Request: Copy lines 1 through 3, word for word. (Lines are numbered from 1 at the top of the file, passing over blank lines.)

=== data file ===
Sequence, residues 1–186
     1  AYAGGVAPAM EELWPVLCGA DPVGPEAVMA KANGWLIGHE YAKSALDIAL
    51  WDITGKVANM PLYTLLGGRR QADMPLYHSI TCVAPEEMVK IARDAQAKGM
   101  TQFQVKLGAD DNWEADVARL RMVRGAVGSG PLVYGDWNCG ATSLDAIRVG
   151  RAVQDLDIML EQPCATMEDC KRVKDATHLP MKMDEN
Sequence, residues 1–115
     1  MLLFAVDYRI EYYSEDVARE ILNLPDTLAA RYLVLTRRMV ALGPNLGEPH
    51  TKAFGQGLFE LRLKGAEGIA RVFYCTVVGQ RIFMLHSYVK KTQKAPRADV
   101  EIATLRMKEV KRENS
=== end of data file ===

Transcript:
Sequence, residues 1–186
     1  AYAGGVAPAM EELWPVLCGA DPVGPEAVMA KANGWLIGHE YAKSALDIAL
    51  WDITGKVANM PLYTLLGGRR QADMPLYHSI TCVAPEEMVK IARDAQAKGM